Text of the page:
Senior Phoebe Wilke to continue soccer
career in Wales
By Daalny Meyer, Reporter
VHS senior Phoebe Wilke has been playing soccer since first grade when she decided to try the sport she’d enjoyed watching her brother play. She went on to play through high school, joining the VHS girls soccer team as a freshman. Now, Wilke intends to take her soccer career to college at Cardiff Metropolitan in Wales.
In her time at VHS, Wilke was noticed by both her coach and her teammates for her strengths as a player and as a leader.
“I remember [Wilke] reffing my games a lot [when I was younger], and I remember scrimmaging her a couple of times. But when I really started playing with her was last year in my freshman year,” varsity co-captain Linnea Heuschert said. “She’s a fantastic player. She’s fast, she’s skilled, but overall, it’s her mentality on the field. She wants [to win] more than anybody.”
Coach Scott Nicolino, who’s been coaching girls soccer at VHS for seven years and boys soccer for eight, coached Wilke for all four years of her high school career.
“She has very good skills, a tremendous knowledge of the game and its nuances, [and] she is a fantastic communicator on the field,” Nicolino said. “As a freshman, Phoebe took control of our defense as our sweeper. That’s a huge responsibility to undertake as a freshman, [and] one that not many are able to do successfully. She was able to do it with ease and helped get us to the state tournament that season.”
In soccer, the sweeper is behind the defensive line, before the goalie, and helps with communication between the goalie and the players. The sweeper also gives instructions to the other defensive players, and acts as another line of defense against goals. Wilke enjoys the position of sweeper and the leadership role that accompanies it.
“You get to see the whole field and you’re kind of calling out directions for everybody. It definitely makes it feel like I’m in a leading position,” she said.
Wilke’s favorite part about participating in soccer is the team atmosphere and the sense of connection that forms while playing together.
“I also do track and with that, it’s really independent,” she said. “If you mess up, it’s just on you. But with soccer, you have ten other people on the field to support you, so it feels a lot more comforting.”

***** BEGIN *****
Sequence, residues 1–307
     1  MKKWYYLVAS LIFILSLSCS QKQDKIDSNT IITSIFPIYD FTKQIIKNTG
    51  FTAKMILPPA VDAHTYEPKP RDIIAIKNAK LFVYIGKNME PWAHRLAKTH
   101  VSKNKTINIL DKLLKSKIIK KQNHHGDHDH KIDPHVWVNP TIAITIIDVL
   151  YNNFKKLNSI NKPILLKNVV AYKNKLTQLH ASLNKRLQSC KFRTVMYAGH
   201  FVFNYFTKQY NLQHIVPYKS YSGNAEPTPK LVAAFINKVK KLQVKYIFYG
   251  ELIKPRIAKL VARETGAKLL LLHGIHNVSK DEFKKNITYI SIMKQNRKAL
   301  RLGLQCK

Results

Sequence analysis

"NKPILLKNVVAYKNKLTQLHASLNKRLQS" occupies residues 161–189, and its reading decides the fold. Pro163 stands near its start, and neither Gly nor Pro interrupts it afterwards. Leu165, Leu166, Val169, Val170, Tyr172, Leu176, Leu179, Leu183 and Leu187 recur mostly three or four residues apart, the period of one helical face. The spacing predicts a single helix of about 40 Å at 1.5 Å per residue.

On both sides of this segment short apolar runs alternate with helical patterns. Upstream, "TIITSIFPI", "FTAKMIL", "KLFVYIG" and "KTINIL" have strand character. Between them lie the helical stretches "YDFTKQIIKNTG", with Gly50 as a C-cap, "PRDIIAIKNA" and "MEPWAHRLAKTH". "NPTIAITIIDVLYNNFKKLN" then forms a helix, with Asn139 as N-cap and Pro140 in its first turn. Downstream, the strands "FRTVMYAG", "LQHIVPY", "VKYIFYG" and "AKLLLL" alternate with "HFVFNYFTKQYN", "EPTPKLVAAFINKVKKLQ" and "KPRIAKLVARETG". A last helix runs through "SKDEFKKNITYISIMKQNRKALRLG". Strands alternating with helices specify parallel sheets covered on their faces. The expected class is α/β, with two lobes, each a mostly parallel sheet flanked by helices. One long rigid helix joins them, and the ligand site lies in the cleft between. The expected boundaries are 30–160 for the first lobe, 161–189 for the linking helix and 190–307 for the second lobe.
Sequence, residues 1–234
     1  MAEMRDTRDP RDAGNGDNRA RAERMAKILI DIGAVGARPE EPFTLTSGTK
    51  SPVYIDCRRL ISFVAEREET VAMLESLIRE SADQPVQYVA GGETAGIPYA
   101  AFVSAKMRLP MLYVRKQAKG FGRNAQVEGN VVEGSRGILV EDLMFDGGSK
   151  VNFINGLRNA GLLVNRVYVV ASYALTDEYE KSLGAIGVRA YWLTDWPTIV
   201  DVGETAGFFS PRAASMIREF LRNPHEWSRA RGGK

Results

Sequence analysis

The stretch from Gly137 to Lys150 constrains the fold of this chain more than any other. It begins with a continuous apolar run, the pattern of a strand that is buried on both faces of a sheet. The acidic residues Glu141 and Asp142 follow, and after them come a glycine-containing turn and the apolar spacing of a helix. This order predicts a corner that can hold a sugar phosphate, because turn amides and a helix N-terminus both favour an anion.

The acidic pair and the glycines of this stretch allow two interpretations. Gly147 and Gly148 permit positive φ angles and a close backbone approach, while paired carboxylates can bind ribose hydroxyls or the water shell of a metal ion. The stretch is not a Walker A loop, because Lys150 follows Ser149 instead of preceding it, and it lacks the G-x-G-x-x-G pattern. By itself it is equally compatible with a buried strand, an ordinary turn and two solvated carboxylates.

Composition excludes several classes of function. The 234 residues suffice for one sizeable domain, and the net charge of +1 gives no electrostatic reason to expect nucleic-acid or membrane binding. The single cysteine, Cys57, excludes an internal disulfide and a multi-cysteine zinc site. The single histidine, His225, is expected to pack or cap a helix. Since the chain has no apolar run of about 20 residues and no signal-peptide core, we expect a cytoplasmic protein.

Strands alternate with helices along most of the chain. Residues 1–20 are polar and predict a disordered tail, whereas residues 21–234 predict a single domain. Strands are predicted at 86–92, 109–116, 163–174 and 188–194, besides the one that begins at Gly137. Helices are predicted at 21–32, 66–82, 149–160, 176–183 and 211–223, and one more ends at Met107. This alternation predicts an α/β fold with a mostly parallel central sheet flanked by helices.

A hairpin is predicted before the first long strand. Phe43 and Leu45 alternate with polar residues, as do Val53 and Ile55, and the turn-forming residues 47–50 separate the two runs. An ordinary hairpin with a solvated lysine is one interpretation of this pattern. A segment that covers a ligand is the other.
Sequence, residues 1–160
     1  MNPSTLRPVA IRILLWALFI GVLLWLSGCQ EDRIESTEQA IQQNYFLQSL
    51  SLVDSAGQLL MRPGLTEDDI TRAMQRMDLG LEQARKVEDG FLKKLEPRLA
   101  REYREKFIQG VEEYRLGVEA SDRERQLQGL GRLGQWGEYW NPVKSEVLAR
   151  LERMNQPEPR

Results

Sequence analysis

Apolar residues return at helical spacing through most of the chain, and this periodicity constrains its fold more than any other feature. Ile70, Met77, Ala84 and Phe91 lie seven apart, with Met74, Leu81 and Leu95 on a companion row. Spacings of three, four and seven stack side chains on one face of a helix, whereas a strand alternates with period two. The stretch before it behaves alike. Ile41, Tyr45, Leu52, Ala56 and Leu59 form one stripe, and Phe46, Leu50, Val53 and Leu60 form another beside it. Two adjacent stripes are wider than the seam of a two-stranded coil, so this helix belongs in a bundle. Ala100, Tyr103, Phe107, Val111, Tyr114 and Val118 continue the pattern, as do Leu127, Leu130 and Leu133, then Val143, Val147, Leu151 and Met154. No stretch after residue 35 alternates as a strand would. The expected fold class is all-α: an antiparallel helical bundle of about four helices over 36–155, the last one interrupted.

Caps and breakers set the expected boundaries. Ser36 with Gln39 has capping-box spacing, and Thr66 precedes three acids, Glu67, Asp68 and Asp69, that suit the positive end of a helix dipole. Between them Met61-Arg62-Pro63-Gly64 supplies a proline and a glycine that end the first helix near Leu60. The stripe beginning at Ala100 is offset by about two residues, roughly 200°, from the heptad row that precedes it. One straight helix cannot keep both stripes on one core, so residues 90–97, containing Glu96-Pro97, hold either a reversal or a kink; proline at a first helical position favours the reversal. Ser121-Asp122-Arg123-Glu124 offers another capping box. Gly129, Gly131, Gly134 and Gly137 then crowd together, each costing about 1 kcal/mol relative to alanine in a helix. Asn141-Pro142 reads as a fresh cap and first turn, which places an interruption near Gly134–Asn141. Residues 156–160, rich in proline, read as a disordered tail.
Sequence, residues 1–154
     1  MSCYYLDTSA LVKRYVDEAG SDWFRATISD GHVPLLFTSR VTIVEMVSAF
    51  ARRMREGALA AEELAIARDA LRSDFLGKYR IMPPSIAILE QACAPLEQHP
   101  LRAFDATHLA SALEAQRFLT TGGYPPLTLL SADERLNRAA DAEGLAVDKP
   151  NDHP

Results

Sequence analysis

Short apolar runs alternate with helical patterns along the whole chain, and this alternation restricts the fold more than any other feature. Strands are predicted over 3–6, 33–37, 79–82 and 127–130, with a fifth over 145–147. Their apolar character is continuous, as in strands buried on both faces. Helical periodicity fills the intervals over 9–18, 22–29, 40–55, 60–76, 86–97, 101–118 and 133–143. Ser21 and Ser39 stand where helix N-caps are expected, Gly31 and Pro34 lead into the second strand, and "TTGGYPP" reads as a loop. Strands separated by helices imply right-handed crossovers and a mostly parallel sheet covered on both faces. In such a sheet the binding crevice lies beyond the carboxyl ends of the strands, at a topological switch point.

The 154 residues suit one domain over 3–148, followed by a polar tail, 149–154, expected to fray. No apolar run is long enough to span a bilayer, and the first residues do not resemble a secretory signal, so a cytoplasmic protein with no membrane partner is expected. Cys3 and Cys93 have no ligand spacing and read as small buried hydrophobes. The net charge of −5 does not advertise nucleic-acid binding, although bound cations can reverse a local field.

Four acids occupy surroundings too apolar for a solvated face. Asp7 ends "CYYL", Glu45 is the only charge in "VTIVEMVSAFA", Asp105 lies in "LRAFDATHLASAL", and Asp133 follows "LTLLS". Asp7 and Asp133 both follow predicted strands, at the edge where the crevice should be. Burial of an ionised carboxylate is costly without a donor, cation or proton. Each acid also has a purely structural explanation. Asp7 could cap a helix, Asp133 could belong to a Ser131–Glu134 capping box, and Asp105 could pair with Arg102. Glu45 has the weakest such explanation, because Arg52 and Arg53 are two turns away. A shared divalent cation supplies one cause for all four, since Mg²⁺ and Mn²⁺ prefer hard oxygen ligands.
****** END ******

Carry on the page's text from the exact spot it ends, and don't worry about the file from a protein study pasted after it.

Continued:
As a teammate and fellow team leader, Heuschert has found Wilke’s support on the team very helpful.
“She always wants to make everyone feel included and feel good about what they are doing. She helps me become a better player, and just wants me to succeed overall,” Heuschert said. “I remember, during our 2021 season, someone on our team got a yellow card and I got really mad and she just [came] up and touched my shoulder. And I just remember that calming me down right away.”
When thinking about her post-high school plans, Wilke hopes to find a way to continue playing soccer while pursuing her other interests.
“I knew that I wanted to play in college, but it was also important to be able to do ceramics and fine arts and in the U.S., there weren’t a lot of options for that,” she said. “Then we got reached out to by school in the U.K., and it kind of opened up that possibility.”
Now, having decided to attend Cardiff Metropolitan in Wales, Wilke is looking forward to the different atmosphere of European soccer.
“Over there, football is their sport. I feel like here we have American football and baseball and everything, so it’s definitely going to be a different culture,” she said. “I’m not going to have anybody over there, but I think that soccer is going to be a good way of making friends because you really build that family part.”
Nicolino fully supports Wilke’s plan for soccer and school in the future.
“She loves soccer and any time a player can continue with something they love like that after high school, that is a great thing!” Nicolino said. “The percentage of high school players who get an opportunity to continue playing the sport they love in college is very small. I’m proud of her for following her dreams.”